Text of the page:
By now I'd developed a method of adjusting the pitch and duration parameters for each cylinder in real time - previously it involved painstaking editing and re-programming - and this is a feature of the 20M2 based unit - users can design their own engine 'voices' in addition to the 10 factory presets. It has to be noted that not every pitch and/or duration makes a sensible sound, but there are plenty that do if you hunt them down.

The launch of the vastly improved 08M2 chip finally gave me the impetus to revise the original 08 based sound unit. Still the same sound algorithm but taking advantage of improved memory, speed and new commands I was able to implement lots of 'voices' and adjustments. The novelty is that the unit is externally adjustable from the RC transmitter, using the throttle stick to adjust parameters. To avoid the boat responding during parameter adjustment a neutral (STOP) signal is passed to the ESC instead. The necessary inter-chip communication is achieved using the 15 step DAC to output various status and commands, the DAC level being read by an ADC in the receiving chip.
Following an amicable agreement with Technobots, they are ceasing to supply the above unit and I've just released a (functionally identical) smaller version of it, packaged in a 3D printed case which I will market under the Forge Electronics banner.
Where do I go from here? I've successfully implemented the same sound sets on an Arduino Nano, altered the set-up to use 'select', 'up' & 'down' buttons and incorporated a user adjustable volume control which can also be set to cause the volume to increase with the speed, plus a (synthesized) horn that replaces the engine sound when operated. This works a treat but is on the back burner at present.
I've also been able to play wav files of 'real' engine sounds embedded in the Arduino program memory, but file storage is limited to about 3 seconds of 8k sampled audio which is looped and played back at a speed proportional to the throttle setting. I don't propose to continue with this approach.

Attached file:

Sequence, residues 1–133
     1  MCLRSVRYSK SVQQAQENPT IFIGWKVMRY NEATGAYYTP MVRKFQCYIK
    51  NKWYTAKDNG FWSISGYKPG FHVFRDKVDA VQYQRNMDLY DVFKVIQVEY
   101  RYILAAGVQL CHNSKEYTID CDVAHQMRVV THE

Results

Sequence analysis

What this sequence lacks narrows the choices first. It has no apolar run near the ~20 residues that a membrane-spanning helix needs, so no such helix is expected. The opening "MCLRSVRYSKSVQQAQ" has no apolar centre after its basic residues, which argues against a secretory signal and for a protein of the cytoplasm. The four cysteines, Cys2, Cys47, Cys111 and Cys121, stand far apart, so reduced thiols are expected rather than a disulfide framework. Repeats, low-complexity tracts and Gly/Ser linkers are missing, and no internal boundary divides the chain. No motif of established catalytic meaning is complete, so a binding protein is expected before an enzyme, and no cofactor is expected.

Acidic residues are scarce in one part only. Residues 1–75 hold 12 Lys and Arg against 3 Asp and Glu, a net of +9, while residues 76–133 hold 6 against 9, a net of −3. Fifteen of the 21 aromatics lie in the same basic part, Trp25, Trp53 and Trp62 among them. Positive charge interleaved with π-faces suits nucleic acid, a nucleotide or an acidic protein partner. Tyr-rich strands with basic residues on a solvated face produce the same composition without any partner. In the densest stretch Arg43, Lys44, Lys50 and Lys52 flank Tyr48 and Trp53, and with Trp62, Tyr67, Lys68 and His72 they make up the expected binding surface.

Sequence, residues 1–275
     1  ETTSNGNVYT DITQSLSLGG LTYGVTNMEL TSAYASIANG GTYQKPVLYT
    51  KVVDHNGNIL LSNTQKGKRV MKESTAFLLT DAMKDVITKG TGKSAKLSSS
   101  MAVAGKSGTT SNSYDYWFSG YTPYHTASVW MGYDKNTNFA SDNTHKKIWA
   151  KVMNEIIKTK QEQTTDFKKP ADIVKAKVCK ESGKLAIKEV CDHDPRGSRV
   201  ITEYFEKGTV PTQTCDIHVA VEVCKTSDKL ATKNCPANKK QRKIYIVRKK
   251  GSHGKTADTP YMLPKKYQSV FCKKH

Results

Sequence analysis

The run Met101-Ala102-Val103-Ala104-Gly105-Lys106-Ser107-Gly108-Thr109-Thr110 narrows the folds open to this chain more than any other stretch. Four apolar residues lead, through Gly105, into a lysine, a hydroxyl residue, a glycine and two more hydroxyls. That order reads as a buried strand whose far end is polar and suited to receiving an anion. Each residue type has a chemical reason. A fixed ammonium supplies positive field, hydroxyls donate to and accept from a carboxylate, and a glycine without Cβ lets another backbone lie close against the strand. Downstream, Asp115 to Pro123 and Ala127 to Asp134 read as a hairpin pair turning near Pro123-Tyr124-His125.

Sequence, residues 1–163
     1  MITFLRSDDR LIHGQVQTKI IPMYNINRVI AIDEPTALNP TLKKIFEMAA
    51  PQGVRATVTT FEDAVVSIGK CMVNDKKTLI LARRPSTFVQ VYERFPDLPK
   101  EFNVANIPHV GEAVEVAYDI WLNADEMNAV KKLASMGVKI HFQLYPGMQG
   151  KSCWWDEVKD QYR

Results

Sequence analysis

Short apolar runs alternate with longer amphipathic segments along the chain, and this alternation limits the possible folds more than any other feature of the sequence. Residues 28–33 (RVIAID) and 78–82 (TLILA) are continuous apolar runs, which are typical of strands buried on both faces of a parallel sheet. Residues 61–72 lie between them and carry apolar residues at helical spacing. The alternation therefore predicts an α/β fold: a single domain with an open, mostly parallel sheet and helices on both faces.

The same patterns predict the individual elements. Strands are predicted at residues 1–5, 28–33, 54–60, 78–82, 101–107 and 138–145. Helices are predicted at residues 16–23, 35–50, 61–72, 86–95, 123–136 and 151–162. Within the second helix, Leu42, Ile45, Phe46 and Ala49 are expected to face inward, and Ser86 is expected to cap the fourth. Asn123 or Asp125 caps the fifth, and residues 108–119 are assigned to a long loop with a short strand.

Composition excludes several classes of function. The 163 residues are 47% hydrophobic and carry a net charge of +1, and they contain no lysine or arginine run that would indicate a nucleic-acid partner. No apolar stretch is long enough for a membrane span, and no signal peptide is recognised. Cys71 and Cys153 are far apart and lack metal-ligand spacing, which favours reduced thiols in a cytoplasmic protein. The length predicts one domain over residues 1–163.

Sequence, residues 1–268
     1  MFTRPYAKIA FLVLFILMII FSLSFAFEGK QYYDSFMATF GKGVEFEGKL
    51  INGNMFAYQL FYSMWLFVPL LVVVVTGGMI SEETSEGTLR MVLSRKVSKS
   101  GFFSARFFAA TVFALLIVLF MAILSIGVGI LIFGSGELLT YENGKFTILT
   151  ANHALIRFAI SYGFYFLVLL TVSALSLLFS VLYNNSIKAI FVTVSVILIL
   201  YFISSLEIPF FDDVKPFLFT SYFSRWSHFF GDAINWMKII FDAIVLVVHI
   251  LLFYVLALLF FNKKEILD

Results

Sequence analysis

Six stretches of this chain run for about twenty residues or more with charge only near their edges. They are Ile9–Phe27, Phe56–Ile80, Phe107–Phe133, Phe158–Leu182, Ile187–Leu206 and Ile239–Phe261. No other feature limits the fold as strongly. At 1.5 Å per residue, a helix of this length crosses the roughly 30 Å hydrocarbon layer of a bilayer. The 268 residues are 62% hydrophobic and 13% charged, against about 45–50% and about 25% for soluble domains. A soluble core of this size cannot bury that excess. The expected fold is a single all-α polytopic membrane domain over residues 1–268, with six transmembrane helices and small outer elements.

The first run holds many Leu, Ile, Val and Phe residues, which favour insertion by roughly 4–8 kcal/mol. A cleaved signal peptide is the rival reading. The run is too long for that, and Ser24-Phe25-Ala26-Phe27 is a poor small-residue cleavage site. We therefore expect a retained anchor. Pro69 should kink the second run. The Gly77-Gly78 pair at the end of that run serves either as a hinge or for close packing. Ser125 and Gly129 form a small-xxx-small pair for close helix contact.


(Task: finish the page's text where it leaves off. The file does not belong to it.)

This is an early proof of concept unit storing audio files on an SD card using the Arduino WavShield. I have a microSD card adapter ready to interface to an Arduino Nano, but little time or enthusiasm to get on with it!
Currently all my efforts are being expended on variants of the model aircraft timer units (found elsewhere on this site) and a gun controller for model warships using stepper motors so a full 270 degree rotation (or even continuous rotation) can be achieved. The unit also has an mp3 player module with integral 3W amplifier for issuing the 'bang' plus it drives a remote white LED to give a muzzle flash.












rhubarb, rhubarb, rhubarb

Technology Overview
Units from all manufacturers fall into two catgeories - those where the sound of an engine is digitally synthesists from electronic waveforms and those that replay recordings of the sound of real engines. The former usually have the advantage of lower cost and the latter have that of increased realism. If you are a serious marine modeller to the extent that you research the number of rivets on the hatches then you need to dig into your pocket for a recorded sound variant!

Synthesized Sound
There is a wide variety of sound quality in the available units - ranging from those sounding like a buzzy bee or a woodpecker on ecstacy to those that capture the beat and the spirit of an engine in much the way a cartoon captures a person's likeness yet lacks the accuracy of a photograph. I'd like to think my 'Combo' and 'Programmable' units are in the latter category, but you must judge for yourself. I believe the sound algorithm employed in my units to be unique and would advise that it is best suited to slow revving, 'slogging' engines typically found in fishing boats and tugs.

Recorded Sound